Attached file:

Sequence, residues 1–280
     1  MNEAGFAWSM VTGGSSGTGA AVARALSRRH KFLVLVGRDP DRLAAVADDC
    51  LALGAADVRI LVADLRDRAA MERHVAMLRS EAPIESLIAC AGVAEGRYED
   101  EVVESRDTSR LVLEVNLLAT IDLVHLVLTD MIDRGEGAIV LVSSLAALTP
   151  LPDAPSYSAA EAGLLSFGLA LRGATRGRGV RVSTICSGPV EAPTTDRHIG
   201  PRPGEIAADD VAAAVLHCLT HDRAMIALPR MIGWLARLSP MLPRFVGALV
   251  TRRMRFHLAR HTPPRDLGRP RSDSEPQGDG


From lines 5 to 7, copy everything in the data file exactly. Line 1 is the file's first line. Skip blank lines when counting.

   151  LPDAPSYSAA EAGLLSFGLA LRGATRGRGV RVSTICSGPV EAPTTDRHIG
   201  PRPGEIAADD VAAAVLHCLT HDRAMIALPR MIGWLARLSP MLPRFVGALV
   251  TRRMRFHLAR HTPPRDLGRP RSDSEPQGDG